nothing to forgive. Besides, he was really bearing the brunt of
the fight, was in the thick of it, dizzy with the striking of
blows and the blows he received. If fault there was, it lay
elsewhere, somewhere in the tangled scheme of things that made
men snarl over jobs like dogs over bones.

So Saxon arose and buckled on her armor again for the hardest
fight of all in the world's arena--the woman's fight. She ejected
from her thought all doubting and distrust. She forgave nothing,
for there was nothing requiring forgiveness. She pledged herself
to an absoluteness of belief that her love and Billy's was
unsullied, unperturbed--serere as it had always been, as it would
be when it came back again after the world settled down once more
to rational ways.

That night, when he came home, she proposed, as an emergency
measure, that she should resume her needlework and help keep the
pot boiling until the strike was over, But Billy would hear
nothing of it.

"It's all right," he assured her repeatedly. "They ain't no call
for you to work. I'm goin' to get some money before the week is
out. An' I'll turn it over to you. An' Saturday night we'll go to
the show--a real show, no movin' pictures. Harvey's nigger
minstrels is comin' to town. We'll go Saturday night. I'll have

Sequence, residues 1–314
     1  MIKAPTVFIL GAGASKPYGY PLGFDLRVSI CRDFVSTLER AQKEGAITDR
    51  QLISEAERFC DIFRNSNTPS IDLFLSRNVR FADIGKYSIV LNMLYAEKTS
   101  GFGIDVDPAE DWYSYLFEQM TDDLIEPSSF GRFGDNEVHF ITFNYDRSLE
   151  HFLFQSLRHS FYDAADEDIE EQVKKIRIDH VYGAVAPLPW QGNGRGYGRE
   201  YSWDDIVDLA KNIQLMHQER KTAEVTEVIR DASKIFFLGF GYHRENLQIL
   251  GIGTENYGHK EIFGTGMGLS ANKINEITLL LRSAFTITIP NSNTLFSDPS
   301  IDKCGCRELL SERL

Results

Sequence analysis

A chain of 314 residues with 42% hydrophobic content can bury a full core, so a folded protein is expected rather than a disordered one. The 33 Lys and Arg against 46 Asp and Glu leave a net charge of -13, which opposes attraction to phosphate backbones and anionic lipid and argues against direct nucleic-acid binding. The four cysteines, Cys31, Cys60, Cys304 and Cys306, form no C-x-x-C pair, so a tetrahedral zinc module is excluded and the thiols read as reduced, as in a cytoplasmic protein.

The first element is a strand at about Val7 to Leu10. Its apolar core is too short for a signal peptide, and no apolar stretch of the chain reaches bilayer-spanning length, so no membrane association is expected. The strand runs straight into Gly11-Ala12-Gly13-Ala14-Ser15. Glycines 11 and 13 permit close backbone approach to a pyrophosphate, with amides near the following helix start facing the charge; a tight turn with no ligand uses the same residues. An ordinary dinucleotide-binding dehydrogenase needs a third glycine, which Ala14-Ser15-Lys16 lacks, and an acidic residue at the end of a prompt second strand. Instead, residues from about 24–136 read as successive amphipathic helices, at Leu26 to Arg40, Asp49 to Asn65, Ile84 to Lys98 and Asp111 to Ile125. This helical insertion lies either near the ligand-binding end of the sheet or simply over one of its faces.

the money before that, as sure as beans is beans."

Friday evening he did not come home to supper, which Saxon
regretted, for Maggie Donahue had returned a pan of potatoes and
two quarts of flour (borrowed the week before), and it was a
hearty meal that awaited him. Saxon kept the stove going till
nine o'clock, when, despite her reluctance, she went to bed. Her
preference would have been to wait up, but she did not dare,
knowing full well what the effect would be on him did he come
home in liquor.

The clock had just struck one, when she heard the click of the
gate. Slowly, heavily, ominously, she heard him come up the steps
and fumble with his key at the door. He entered the bedroom, and
she heard him sigh as he sat down. She remained quiet, for she
had learned the hypersensitiveness induced by drink and was
fastidiously careful not to hurt him even with the knowledge that
she had lain awake for him. It was not easy. Her hands were
clenched till the nails dented the palms, and her body was rigid
in her passionate effort for control. Never had he come home as
bad as this.

"Saxon," he called thickly. "Saxon."

She stired and yawned.

"What is it?" she asked.

"Won't you strike a light? My fingers is all thumbs."

Without looking at him, she complied; but so violent was the
nervous trembling of her hands that the glass chimney tinkled
against the globe and the match went out.

"I ain't drunk, Saxon," he said in the darkness, a hint of
amusement in his thick voice. "I've only had two or three jolts
... of that sort."

On her second attempt with the lamp she succeeded. When she
turned to look at him she screamed with fright. Though she had
heard his voice and knew him to be Billy, for the instant she did
not recognize him. His face was a face she had never known.
Swollen, bruised, discolored, every feature had been beaten out
of all semblance of familiarity. One eye was entirely closed, the
other showed through a narrow slit of blood-congested flesh. One
ear seemed to have lost most of its skin. The whole face was a
swollen pulp. His right jaw, in particular, was twice the size of